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‘Three Million’ – A dark chapter in British colonial history is revisited with vivid testimony in BBC radio Series…

‘Three Million’ – A dark chapter in British colonial history is revisited with vivid testimony in BBC radio Series…

Broadcaster Kavita Puri finds sources and people that throw new and important light on the 1943 Bengal Famine…

IT WAS one of the greatest tragedies to have struck the Empire and remains mired in controversy and conjecture but the BBC Radio programme series, ‘Three Million’ aims to state the facts and provide the context.

Few people know about The Bengal Famine of 1943 – especially outside of India. Three million people died from starvation.

Award-winning BBC broadcaster Kavita Puri starts her broadcast with the realisation that so few people know or understand what happened. She goes back to archives, and even talks to people who lived through the crisis or recorded vital testimony themselves.

‘Three Million’ – publicity image

At that time, the area which today includes modern day Bangladesh and India’s West Bengal suffered immeasurably as a cyclone hit crops and the advancing Japanese Army threatened the region. While there was food available in other parts of the British Empire in India – a decision was taken not to alleviate the plight of those coming in from the regions and the Army bought (sometimes, confiscated) food and other essentials to check any Japanese advance after the fall of Burma (Myanmar).

Most Indian historians are quite clear about who was responsible for the horror – Winston Churchill the British prime minister and war leader at the time – in Puri’s programme, self-declared fanboy and one time Daily Telegraph editor Max Hastings accepts Churchill’s culpability but this question is not one that Puri tackles essentially.

Puri, whose previous programmes on Britain’s immigrant communities yielded such rich and affecting personal memories (in ‘Partition Stories’ and ‘Three Pounds in my Pocket’ – see links below) does the same here and it has met with widespread praise and critical acclaim.

The radio series – available on BBC Sounds – dropped at the end of February and there are calls for Puri to extend her research and visit Kolkata – she was unable to because she did not get a visa for this series. Much of the content has not been revealed before – and never in such a context.

Puri told why she wanted to make ‘Three Million’ just before it started.

“It’s a bit of history that is really not well known. At least three million people died – one of the largest losses of civilian life on the Allied side – it’s part of British history and our war story,” she told acv.

She accepts it was “almost too late” – but has managed to recover and broadcast as much direct testimony as she can from those who either recount their experiences to paper or were able to do so directly with Puri.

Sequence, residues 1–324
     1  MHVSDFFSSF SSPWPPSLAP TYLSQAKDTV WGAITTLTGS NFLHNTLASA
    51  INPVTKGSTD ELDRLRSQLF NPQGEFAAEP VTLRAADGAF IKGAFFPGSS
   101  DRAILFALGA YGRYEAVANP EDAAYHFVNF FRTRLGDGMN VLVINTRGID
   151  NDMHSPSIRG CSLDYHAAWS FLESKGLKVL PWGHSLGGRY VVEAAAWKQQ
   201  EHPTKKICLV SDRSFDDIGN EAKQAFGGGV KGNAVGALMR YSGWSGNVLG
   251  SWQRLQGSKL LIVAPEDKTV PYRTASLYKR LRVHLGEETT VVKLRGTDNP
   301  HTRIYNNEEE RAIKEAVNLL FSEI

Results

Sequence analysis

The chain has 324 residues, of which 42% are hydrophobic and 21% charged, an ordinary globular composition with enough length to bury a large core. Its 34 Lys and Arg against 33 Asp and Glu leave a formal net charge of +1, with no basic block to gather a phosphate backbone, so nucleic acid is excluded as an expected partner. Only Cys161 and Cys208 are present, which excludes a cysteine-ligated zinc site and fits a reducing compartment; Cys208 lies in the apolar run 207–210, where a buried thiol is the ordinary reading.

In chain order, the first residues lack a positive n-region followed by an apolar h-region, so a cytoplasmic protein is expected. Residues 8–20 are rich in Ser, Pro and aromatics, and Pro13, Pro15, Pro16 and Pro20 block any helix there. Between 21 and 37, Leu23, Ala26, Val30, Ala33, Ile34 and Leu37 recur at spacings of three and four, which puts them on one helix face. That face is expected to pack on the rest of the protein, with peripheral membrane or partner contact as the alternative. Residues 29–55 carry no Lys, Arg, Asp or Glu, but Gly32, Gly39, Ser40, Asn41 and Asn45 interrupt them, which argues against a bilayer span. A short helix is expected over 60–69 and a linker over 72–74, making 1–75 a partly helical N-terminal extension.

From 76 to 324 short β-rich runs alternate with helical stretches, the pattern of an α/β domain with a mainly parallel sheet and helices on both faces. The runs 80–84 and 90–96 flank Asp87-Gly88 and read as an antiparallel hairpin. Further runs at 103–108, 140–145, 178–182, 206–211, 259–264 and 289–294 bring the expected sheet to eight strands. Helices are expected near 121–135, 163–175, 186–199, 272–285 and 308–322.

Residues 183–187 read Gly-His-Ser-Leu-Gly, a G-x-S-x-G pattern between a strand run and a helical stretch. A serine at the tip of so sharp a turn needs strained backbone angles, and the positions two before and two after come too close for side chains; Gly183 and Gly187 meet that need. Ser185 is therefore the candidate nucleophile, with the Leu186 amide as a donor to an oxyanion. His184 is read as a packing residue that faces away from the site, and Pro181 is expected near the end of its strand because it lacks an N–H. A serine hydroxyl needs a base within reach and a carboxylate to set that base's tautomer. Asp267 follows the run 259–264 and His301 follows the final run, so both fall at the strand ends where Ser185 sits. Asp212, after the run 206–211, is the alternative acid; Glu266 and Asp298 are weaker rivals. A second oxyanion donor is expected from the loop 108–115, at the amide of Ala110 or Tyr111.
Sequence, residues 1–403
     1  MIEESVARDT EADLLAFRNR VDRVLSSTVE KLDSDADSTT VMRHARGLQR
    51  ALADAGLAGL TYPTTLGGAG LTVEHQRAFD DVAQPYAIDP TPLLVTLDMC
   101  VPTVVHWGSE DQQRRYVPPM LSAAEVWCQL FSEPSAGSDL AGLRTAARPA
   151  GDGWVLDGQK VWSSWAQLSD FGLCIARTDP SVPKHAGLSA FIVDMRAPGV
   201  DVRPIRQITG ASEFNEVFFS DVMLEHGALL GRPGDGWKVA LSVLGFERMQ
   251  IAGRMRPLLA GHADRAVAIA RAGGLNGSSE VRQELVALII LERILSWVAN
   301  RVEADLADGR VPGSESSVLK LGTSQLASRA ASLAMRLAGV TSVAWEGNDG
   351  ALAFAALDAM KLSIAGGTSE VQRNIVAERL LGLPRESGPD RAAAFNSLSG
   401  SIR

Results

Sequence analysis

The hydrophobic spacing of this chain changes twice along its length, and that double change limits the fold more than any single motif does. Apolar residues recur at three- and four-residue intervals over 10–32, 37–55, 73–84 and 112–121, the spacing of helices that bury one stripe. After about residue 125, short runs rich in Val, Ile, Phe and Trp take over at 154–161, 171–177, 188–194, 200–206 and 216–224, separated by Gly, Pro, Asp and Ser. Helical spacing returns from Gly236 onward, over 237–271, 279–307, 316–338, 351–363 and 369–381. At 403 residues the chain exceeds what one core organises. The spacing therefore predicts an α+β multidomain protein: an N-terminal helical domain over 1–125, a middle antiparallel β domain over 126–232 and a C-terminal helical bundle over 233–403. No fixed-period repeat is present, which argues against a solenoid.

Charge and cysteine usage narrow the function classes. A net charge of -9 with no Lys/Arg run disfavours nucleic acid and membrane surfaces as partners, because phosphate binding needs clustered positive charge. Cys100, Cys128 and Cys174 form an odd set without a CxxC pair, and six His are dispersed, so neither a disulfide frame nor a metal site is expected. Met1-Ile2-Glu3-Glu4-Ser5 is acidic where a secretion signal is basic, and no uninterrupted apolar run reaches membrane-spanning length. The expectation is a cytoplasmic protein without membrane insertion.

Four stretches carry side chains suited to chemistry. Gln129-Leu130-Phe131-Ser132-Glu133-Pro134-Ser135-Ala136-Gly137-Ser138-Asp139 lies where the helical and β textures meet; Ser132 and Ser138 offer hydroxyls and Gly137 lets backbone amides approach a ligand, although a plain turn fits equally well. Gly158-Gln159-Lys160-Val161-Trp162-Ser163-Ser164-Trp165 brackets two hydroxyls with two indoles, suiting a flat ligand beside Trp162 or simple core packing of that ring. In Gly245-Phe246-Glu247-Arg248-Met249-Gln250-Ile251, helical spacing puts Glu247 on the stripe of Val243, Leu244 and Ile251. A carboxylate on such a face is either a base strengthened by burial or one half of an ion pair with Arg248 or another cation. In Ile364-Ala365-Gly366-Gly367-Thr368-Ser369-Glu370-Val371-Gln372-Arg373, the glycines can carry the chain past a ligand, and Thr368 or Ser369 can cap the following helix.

Kavita Puri

“I was able to find eyewitnesses who had very clear memories of that time, and in the archives, uncover testimonies that have never been broadcast before – and piece together the lived experience – but it is of course incomplete. There are so many first-hand accounts that will never be able to be told now.”

Puri’s programme centres the human catastrophe and cost – some survived that time but are not well enough to speak or remember.

“I was luckily able to track down some – including a 97-year-old woman. People can empthaise with a mother who cannot feed her child or a child who wants to help the streams of starving people he is seeing.

“It’s important these stories – even if they are told 80 years on – are part of the historical archive alongside the official record.”

She told acv that despite the grim subject matter, she was able to bring to light things have remained buried or obscured for too long.

“I loved spending times in the archives and could get lost for days. Often, looking for the mention of the famine was like looking for a needle in a haystack as it was rarely catalogued specifically.”

She said the debates and controversies of who was responsible are important but her programme focuses on “how Bengalis dealt and felt about the lack of food at the time,” she explained.

“The Bengal Famine is still rarely talked about more widely. I think it’s important to talk about causes and culpability which has been done for decades but I was focusing on the lived experience which has not really been done before.”

Final programme of five ‘Ghosts’ drops on BBC Radio 4 this Sunday, March 24 at 1.30pm – listen

Three Million –

Partition Voices –

The drama ‘Silence’ which is based on Puri’s work on the above and is produced by Tara Theatre is about to go on a national tour – see dates and venues here (from April 6) –

Three Pounds in my Pocket

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Written by Asian Culture Vulture